Sunday, September 23, 2012

Hearts and minds

I’d support the war in Afghanistan if it were a real war (i.e., killing the bad guys), but it’s not a real war. It’s an outreach and public works program. Running water won’t spread Western values to the jirga-ruled villages of rural Afghanistan. As Diane Ravitch writes, “No amount of outreach, no concessions, no sweet talk will persuade them to abandon their jihadist ideals. They are not persuadable.”

Imagine a nomadic shepherding village deep in the hinterland. They’re visited by an al-Qaeda lieutenant, who is a cousin of one of the jirga elders. While establishing trust and credibility among the elders, the lieutenant educates the teenage boys of the village in the Quranic justification of jihadism, how to exploit their knowledge of the local geography to evade the infidels, how to use civilians for operational cover, and how to pack bombs with nails and ball bearings to maim their victims.

This scenario is playing out all across Afghanistan. The enemy is not al-Qaeda or Taliban per se. The enemy is the Afghanis themselves. Americans, being from the outside, ipso facto cannot penetrate their local, backward ways.

Returning to the example of the secluded village: If American soldiers were to kill the al-Qaeda lieutenant, the entire village would become radicalized. But the soldiers can’t just stand by and let Afghani boys be recruited by the bad guys.

So what do we do? I submit two strategies, neither of them easy or even preferable. What Afghanistan needs is a dumbed-down, nationalist version of a counterinsurgency (i.e., home-grown agents who propagandize against jihadism). We can start with the brightest of the Afghan National Army recruits, while washing out the rest—here’s why. Cultivating these agents will take years. It will take years more for the operation to yield positive results.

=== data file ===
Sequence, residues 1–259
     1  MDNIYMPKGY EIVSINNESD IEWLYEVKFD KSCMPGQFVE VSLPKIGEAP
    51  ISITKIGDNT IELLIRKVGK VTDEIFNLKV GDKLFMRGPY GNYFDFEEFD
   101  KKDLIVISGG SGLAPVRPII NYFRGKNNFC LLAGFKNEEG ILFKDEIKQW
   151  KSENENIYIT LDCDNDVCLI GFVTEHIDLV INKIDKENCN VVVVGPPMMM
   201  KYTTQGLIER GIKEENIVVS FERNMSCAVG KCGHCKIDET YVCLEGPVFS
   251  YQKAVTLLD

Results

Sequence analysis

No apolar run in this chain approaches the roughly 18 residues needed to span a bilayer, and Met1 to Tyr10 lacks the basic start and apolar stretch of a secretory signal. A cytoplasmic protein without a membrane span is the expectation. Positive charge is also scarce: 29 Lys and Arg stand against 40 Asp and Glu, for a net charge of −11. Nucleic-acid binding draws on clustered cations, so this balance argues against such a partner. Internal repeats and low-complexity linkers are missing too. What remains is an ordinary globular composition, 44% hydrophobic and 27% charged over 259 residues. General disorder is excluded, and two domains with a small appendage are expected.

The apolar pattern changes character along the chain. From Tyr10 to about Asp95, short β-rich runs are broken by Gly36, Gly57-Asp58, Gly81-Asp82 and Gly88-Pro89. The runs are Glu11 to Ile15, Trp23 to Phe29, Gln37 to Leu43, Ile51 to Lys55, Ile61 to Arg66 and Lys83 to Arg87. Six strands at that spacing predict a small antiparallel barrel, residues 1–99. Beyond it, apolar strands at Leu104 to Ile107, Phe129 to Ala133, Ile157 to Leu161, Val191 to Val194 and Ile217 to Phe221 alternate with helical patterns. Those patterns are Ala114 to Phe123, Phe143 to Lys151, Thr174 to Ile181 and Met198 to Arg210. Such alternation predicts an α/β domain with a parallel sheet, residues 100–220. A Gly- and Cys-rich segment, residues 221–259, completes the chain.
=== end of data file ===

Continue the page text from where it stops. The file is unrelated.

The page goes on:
The second strategy is to exterminate them. Rain bullets on their turbaned heads and bombs on their ramshackle rooftops. To those who object to this on moral grounds: We cannot wait for jihadi recruits to maim Americans and Afghanis before taking them out of play. Jihadism is a choice. Those who make it deserve death. To those who object on strategic grounds: If this makes new enemies of “fence-sitting” Muslims, they were never sitting on the fence to begin with. They were biding their time, waiting for an excuse to join their coreligionists.

This, of course, is unthinkable.

The assumption that the troop surge would work in Afghanistan because it worked in Iraq was flawed from the start. Iraq has abundant natural resources, a pro-Western upper class, and a relatively effective central government. Afghanistan is a primitive backwater and has none of those factors that contributed to the surge's success in Iraq.

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